New York Times Building

The New York Times yesterday published a letter by Bertrand Delanoë, the mayor of Paris, assailing Caroline Kennedy's status as apparent frontrunner for the Senate seat being vacated by Hillary Clinton.  The author termed it "surprising and not very democratic, to say the least." 

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India-Pakistan Walking Line Between War and Peace

India is playing it close to the vest with information on last month's deadly terrorist attacks in Mumbai.  Interpol secretary general Ronald Nobel says that his agency has been kept out of the loop, BBC reports.

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Hopes are high that a new Afghanistan strategy and 30,000 extra U.S. troops will prove to be a turning point in the fight against Al Qaeda and the Taliban, much as similar measures changed the nature of the counterinsurgency in Iraq. 

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The OSCE's mission in Georgia, which opened in 1992, is coming to a close.  Veronika Oleksyn for AP:

OSCE chair Finland called a meeting Monday morning to seek a three-month extension to the mandate, which expires on Dec. 31, to allow time for more negotiations on the mission's future. It had been the topic of behind-the-scenes discussions for some time.  "Unfortunately, there was no consensus on this decision," said Antti Turunen, Finland's ambassador to the OSCE, after the closed-door gathering.

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President Bush’s efforts in Africa have undeniably produced accomplishments that have affected millions throughout the continent and we should be optimistic for the future. But we've still got much work to do — and much to learn.

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When members of a strained Alliance convene in Strasbourg, France and Kehl, Germany for the 60th Anniversary of NATO it will have been a decade since they last agreed upon a strategic vision for the alliance. 

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More than four months after the hot phase of Russia’s war on Georgia, Russia continues to violate the European Union-brokered ceasefire agreements of August 12 and September 8. Russia agreed to return to pre-August 7 lines and to withdraw its forces from areas of Georgia adjacent to the separatist territories of Abkhazia and South Ossetia. It has done neither.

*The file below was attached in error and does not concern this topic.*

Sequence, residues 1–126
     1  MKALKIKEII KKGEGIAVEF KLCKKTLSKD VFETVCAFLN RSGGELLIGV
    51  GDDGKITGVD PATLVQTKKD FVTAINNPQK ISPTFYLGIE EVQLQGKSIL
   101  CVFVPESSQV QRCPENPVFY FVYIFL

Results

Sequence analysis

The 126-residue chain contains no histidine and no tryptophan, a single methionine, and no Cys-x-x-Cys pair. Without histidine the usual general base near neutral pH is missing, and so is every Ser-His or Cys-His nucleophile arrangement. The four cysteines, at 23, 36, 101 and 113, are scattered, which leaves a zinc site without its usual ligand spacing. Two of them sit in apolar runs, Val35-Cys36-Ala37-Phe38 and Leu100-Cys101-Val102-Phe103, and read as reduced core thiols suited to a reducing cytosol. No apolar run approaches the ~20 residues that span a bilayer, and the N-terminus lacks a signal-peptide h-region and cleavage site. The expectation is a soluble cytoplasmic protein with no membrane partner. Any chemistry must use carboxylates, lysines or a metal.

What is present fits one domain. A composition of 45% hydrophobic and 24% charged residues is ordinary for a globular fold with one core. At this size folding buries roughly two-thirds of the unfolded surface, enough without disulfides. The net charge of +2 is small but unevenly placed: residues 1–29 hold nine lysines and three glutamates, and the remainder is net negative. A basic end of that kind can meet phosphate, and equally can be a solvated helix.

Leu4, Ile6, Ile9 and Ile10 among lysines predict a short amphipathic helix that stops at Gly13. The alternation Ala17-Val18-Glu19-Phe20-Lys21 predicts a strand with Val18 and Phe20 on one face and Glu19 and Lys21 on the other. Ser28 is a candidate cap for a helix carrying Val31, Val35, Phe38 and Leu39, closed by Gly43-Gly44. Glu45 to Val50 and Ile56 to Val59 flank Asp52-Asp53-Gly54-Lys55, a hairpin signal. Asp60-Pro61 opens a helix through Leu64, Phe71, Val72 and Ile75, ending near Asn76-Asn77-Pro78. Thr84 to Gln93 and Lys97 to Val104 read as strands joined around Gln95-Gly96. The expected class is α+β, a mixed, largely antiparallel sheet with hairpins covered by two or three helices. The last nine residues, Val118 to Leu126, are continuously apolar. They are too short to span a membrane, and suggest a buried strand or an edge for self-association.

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Just days ago, the BBC reported that the leaders of Yushchenko and Tymoshenko's respective parties had agreed to form a new governing coalition after the previous one collapsed in September.  But of course, doubts have already emerged about this arrangement.  Last Monday, Nikolas Gvosdev noted the fragile nature of the new "coalition." 

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NATO and Russia are talking again for the first time since the August invasion of Georgia, AP reports.

NATO Secretary-General Jaap de Hoop Scheffer and Dmitry Rogozin, Moscow's ambassador to the alliance, met over lunch Friday in the first high-level meeting after a four-month hiatus caused by the war.

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Following weeks of disagreement with Brussels, and France and the UK in particular, the German government has agreed to a second stimulus package of nearly €40 ($55.5) billion.  Merkel faced a strong backlash throughout Europe in recent weeks from critics who felt the government was not responding adequately to Germany's economic downturn.  Her refusal to spend more on the crisis has also cost her domestic popularity. 

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